Maid of Dishonor Online - Heidi Rice


Hillbrook College Campus, Upstate New York, ten years ago.

‘It sounds awesome, Marnie, but Carter and Missy shouldn’t get overwhelmed by all the glamour of their wedding and forget the important part—that they love each other.’

Reese’s words of whimsy drifted into Gina Carrington’s consciousness—through the cloying perfume of hyacinth blossoms that infused the back porch, and the haze of one too many glasses of vintage champagne—and didn’t improve her melancholy mood one iota.

Can we get off this topic now, please?

Her cheeks heated as a heartening flash of temper pierced through the hollow feeling of loss that had dogged her for days. Ever since she’d made the biggest mistake of her life. And in a life filled to bursting with mistakes of one sort or another that was quite an achievement.

‘That won’t be a problem. They’re devoted to each other and they have been for years. When Carter proposed, Missy and I stayed up all night talking about how wonderful it was that we’d be sisters for ever.’ Marnie laughed at her own observation, the high musical lilt clearing the fog from Gina’s head like a knife slicing through flesh.

Funny to think she’d once enjoyed the sound of Marnie’s laugh. Marnie had been so anxious and serious and unassertive when she’d first arrived at Hillbrook. It had taken them all a while to realise her perfect Southern manners had actually been a disguise for extreme terror. Gina had loved hearing that smoky laugh in the months that followed because it had come to symbolise Marnie’s emancipation from the people she herself had described as ‘the family that feminism forgot’.

But Gina wasn’t loving it much now.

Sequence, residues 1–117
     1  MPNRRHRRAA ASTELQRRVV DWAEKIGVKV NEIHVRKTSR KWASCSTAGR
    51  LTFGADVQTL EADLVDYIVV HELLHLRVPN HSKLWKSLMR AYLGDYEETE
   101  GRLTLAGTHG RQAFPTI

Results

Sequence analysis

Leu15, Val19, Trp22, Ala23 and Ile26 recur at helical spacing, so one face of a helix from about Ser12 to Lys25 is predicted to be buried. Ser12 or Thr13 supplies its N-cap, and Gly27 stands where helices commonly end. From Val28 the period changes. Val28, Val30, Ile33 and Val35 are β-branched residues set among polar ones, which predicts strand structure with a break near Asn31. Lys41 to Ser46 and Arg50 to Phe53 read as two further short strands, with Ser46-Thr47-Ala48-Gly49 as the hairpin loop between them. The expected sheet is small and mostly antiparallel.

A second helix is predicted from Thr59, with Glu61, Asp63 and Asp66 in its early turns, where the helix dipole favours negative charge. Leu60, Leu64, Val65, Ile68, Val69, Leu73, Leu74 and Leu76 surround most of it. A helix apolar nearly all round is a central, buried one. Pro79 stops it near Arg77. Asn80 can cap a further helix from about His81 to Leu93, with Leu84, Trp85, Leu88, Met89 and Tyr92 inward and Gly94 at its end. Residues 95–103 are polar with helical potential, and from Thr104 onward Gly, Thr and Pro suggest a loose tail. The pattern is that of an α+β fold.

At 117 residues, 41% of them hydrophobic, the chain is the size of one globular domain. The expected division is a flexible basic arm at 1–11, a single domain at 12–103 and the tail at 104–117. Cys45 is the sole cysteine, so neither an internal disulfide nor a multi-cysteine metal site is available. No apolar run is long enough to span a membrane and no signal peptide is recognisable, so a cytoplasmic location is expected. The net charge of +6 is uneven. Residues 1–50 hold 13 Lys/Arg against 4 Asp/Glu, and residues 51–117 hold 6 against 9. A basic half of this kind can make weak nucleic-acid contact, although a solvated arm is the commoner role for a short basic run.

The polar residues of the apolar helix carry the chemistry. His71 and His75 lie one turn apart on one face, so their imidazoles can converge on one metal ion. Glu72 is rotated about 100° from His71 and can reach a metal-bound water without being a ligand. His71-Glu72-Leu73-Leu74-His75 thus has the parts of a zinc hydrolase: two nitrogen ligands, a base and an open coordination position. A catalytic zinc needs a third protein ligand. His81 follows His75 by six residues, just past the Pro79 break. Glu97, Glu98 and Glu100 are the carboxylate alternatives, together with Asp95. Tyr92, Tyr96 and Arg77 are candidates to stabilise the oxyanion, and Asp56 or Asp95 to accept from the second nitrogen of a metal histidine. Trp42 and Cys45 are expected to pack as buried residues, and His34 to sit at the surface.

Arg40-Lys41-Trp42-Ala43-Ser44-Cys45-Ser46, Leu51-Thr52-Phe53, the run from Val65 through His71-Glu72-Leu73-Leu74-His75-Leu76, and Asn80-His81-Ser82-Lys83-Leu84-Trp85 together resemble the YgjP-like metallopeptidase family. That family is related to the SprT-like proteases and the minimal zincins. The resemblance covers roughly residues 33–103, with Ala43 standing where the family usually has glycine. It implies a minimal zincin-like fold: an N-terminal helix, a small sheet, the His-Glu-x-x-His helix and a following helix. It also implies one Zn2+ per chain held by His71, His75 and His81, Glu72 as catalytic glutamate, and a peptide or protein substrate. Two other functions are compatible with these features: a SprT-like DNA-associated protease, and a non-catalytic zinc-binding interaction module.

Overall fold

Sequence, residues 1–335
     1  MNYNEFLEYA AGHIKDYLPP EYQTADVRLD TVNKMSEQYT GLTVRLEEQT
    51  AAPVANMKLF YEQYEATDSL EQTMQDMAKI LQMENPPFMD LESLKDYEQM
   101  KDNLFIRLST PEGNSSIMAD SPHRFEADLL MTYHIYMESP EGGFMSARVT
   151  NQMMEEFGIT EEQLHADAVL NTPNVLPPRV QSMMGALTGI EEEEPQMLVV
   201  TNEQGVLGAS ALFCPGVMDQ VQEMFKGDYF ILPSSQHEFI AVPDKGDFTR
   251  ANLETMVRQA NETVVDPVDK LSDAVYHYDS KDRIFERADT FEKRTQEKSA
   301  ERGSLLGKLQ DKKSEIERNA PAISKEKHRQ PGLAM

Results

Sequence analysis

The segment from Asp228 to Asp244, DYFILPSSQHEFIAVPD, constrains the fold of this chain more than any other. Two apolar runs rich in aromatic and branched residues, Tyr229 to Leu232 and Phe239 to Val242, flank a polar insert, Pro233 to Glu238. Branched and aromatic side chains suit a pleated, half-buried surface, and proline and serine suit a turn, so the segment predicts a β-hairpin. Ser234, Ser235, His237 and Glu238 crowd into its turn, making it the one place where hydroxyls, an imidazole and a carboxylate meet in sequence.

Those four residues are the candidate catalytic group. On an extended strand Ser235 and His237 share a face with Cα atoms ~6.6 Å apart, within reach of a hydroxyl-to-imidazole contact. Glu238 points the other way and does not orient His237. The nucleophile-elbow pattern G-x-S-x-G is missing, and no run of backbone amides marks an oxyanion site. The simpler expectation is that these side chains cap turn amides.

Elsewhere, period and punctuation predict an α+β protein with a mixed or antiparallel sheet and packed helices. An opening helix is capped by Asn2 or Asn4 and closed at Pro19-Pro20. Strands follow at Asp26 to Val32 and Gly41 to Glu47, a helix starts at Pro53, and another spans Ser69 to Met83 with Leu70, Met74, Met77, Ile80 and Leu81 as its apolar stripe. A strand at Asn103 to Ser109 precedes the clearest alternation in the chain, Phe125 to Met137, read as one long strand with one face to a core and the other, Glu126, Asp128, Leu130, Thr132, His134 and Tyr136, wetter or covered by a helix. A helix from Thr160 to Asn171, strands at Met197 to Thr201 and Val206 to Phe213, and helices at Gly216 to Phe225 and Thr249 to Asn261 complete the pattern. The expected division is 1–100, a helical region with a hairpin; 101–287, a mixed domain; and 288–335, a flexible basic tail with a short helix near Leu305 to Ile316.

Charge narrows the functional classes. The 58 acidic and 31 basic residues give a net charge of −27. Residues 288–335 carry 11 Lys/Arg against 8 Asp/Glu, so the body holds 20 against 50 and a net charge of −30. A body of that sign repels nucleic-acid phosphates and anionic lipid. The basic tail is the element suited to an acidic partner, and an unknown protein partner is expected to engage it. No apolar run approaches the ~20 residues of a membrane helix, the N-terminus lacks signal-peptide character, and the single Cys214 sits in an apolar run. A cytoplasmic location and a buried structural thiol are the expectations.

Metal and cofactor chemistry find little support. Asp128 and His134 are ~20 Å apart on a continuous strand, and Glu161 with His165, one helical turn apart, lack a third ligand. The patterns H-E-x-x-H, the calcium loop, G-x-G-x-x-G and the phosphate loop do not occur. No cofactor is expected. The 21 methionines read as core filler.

‘So what’s Missy’s dress like?’ Reese asked, still humouring her.

‘Just so perfect,’ Marnie purred, her Southern accent thicker than molasses. ‘It’s ivory silk. She’s going to be a traditional bride.’ Marnie flashed a smile Gina’s way. ‘I know not everyone here approves, but I think it’s so romantic that her and Carter have decided to stay pure until their wedding night.’

Wasn’t it just.

Gina’s stomach heaved up towards her breastbone as she plopped her champagne flute on the porch table. ‘Is anyone getting another bottle? I’m not sure I can stand to hear any more about love’s young dream without alcoholic fortification.’

Cassie jumped up from her seat on the rail. ‘It’s gotta be my turn,’ she said in her broad Aussie accent. ‘I’ll go.’ She sent Gina a bland look that only made Gina feel more miserable.

Cassie knew what had happened a week ago when Marnie’s big brother Carter Price had come to visit. And in typical Cassie fashion had been completely pragmatic about it. ‘I don’t see why you should feel guilty—he’s the one that’s engaged to be married.’

But as Cassie headed off to the kitchen, obviously keen to escape from the tension that had been building all night and only Marnie seemed oblivious to, Gina knew Cassie the super nerd felt uncomfortable. And while Cassie would never judge her, Gina knew it took a lot to make Cassie uncomfortable in a social situation, because normally, unless a discussion involved gamma-ray bursts or cosmic radiation or some other esoteric astronomy principle, Cassie tended to disengage from social situations.

Gina turned to find Marnie watching her from her deck chair, the light blush on her cheeks a symptom of her confusion. She was probably wondering why Gina was being such a cow about the wedding of the century. Her brother Carter’s marriage to her best friend, Missy, had been Marnie’s hot topic of discussion for months—and Gina had enjoyed teasing her about the impending nuptials, but always in a good-humoured way.

But that was before last Saturday night, before she’d met the Sainted Carter, and set out to flirt him into a puddle of unrequited lust. Only to discover that Marnie’s big brother wasn’t the overbearing, self-righteous and boringly judgmental Southern gentleman he’d pretended to be, but a sweet, sensitive, and seriously intense Southern hottie who was as screwed up about his place in the world as she was.

The evening had started out as a joke, played at Carter’s expense, but in the end the joke had been on Gina. How could she have known the Sainted Carter would be the first man to show her that sex wasn’t always about physical gratification? That sometimes your feelings could actually become involved? And how could she have known that, when he looked at her the next day, with the disgust at what they had done together plain in his face, he’d also be